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ADA Desks Buying Guide

The right ADA Desks can give students a comfortable learning environment. Here are some things to think about to help you accommodate students of all needs and abilities:

ADA Requirements
According to ADA requirements, at least five percent of your classroom desks (and no less than one) must be from 28 inches to 34 inches above the ground with 24 inches of knee clearance for students in wheelchairs. Desks that are ADA-compliant adjust easily to fit different wheelchair sizes and students of all ages. Opt for shallow work surfaces instead of deep work surfaces so students with limited reach can access books, computers and other materials. Also keep in mind that reflective work surfaces can be difficult for visually impaired students to use.

Configuration
How will your students be using the desk? Will they use it as a writing surface, an activity table, or a computer workstation? You'll find larger ADA desks that can be used as a reading table for students to gather around, and smaller ones for a single student to use as an individual desk. There are also bi-level tables that work great as computer stations.

Adjusting Method
Motorized ADA desks are the most expensive but are easy for anyone to adjust with the simple push of a button. They operate with an electric motor and can lift up to 450 pounds.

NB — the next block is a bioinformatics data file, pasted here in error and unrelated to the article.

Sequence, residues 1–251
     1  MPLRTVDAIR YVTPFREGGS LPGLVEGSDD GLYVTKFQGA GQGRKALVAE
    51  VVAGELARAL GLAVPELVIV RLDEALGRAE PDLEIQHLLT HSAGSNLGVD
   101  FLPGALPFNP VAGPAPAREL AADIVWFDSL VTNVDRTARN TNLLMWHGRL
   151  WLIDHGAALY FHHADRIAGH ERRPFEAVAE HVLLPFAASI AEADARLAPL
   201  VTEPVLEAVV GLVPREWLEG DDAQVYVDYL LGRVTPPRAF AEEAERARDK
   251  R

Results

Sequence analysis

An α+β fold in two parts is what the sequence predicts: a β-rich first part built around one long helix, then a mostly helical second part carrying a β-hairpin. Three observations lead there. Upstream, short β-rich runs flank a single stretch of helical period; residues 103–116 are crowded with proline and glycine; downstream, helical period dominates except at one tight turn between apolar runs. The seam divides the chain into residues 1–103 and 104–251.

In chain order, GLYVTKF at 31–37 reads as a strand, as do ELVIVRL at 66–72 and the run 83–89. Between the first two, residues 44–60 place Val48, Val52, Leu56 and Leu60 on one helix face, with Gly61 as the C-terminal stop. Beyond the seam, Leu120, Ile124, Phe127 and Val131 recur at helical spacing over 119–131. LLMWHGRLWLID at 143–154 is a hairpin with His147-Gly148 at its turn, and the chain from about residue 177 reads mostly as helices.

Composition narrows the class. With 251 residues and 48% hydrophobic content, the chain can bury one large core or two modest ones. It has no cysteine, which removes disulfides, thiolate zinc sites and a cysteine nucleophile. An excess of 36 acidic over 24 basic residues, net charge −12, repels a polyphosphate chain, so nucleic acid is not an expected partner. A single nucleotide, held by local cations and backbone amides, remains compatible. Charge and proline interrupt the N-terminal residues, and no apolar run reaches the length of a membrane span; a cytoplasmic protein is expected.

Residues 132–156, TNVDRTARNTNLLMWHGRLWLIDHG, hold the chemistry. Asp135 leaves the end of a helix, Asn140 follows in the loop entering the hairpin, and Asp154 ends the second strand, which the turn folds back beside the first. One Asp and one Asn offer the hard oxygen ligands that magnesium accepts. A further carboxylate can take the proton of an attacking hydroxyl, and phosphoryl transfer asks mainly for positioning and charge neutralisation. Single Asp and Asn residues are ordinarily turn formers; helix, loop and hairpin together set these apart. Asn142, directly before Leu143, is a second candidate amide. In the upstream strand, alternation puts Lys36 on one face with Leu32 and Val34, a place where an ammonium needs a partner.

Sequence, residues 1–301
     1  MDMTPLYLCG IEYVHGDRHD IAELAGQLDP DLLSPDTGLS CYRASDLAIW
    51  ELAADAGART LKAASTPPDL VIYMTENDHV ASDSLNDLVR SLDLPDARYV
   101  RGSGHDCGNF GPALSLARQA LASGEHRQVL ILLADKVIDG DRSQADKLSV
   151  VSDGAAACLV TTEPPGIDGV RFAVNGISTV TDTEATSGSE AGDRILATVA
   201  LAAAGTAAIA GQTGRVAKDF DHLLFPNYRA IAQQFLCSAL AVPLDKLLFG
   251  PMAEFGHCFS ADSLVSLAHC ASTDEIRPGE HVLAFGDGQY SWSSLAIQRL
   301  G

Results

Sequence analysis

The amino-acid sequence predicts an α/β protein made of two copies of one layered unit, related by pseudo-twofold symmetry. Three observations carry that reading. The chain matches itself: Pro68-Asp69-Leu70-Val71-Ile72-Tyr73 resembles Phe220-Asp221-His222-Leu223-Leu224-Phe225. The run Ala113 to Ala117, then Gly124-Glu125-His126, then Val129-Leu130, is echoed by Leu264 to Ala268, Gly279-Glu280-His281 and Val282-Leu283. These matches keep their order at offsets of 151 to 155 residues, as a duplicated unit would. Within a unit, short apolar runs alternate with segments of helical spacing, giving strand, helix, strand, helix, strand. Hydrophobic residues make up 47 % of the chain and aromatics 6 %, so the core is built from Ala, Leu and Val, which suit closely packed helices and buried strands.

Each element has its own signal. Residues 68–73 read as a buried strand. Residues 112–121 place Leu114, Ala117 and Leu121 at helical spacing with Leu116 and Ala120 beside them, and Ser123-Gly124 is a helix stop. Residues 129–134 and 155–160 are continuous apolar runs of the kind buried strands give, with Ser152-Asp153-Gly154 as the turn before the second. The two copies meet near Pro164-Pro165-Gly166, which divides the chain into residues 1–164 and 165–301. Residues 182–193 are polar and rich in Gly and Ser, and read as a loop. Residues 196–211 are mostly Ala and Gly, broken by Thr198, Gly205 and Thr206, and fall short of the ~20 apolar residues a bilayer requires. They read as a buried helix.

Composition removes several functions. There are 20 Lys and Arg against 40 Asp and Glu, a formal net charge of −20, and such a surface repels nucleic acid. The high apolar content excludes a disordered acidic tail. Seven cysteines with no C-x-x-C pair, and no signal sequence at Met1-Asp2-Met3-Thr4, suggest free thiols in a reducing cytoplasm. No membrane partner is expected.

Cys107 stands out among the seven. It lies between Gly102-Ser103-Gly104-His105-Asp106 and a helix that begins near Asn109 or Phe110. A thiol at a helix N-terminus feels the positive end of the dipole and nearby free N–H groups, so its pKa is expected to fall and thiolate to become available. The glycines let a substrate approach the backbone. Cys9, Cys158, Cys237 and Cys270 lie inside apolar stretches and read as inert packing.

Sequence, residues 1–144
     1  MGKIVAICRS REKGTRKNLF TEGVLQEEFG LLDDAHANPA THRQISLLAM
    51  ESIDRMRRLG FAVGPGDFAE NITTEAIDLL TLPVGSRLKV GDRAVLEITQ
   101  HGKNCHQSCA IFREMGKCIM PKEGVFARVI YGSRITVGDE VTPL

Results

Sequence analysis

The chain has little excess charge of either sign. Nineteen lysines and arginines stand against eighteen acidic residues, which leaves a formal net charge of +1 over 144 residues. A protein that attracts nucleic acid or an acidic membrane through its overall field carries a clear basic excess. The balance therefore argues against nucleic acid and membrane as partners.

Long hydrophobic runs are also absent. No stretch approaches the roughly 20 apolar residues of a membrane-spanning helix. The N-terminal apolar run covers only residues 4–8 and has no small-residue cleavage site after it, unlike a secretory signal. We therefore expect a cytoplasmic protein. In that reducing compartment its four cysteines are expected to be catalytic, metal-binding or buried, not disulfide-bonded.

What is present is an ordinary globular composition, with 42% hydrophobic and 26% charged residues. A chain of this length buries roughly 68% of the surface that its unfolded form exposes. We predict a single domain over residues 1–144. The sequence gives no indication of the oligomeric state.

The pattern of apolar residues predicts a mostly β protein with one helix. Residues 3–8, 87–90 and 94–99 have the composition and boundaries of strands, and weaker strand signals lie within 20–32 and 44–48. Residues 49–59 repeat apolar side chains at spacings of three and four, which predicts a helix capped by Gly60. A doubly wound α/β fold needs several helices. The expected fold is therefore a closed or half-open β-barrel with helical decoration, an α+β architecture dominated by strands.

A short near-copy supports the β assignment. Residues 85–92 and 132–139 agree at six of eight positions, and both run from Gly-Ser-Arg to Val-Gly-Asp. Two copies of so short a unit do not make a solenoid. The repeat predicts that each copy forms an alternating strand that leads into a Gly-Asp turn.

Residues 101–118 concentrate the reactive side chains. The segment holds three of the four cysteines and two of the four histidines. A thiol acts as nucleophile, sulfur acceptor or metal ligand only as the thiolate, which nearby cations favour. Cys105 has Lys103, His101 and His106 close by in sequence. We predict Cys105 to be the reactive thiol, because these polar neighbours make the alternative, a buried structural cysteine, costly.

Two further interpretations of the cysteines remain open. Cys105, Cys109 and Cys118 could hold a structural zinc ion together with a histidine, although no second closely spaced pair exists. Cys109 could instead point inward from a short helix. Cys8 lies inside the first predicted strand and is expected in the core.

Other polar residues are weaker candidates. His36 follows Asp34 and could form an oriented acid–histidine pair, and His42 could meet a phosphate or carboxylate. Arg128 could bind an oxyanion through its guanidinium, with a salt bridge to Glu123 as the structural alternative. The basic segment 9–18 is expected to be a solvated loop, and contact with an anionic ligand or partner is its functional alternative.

Hand Crank ADA desks require more effort to adjust but are lower in price. Like motorized desks, they can lift up to 450 pounds but are more difficult for some students to operate alone.

Populas Adjustable-Height Bi-Level Workstation

Knob Adjustable ADA desks are the least expensive but take the most effort to raise or lower. Each leg must be adjusted separately with a turnable knob.

Top
Flat - Some ADA desks have flat surfaces that simply raise and lower in height. You'll want flat workstations if students set up computers and other equipment on top.

Tilt-adjustable - Others adjust in a tilt as well up and down, generally from 0 degrees to 50 degrees. Tiltable ADA desks are less versatile but provide a better work surface for activities like art projects that require an angle.

Populas Knob-Adjusted Table

Accessories
Casters - If you'll need to move your desk around your classroom or school, some are available with casters that brake securely.

Comfort Recess - A cutout curve in the tabletop lets students sit closer to their work surface, making it easier to reach books and materials.

CPU Holder – A holder attaches to the underside of the desktop and keeps your CPU out of the way. It provides room for bulkier wheelchairs while still allowing students to access computer towers.

Cable Management – A grommet hole can help route your cords, and an optional cable freeway keeps them out of the way and from tangling up in chair wheels. Both are inexpensive ways to offer a safer learning environment.

Moveable Keyboard and Mouse Tray – An articulating keyboard arm and tilting mouse tray will let your students move computer equipment to fit their needs, rather than the other way around.

Shop our selection of ADA Desks.

Need a hand figuring out which wheelchair accessible desks will work best in your classrooms? Give us a call at 1-800-260-2776. Our friendly sales team is happy to help.

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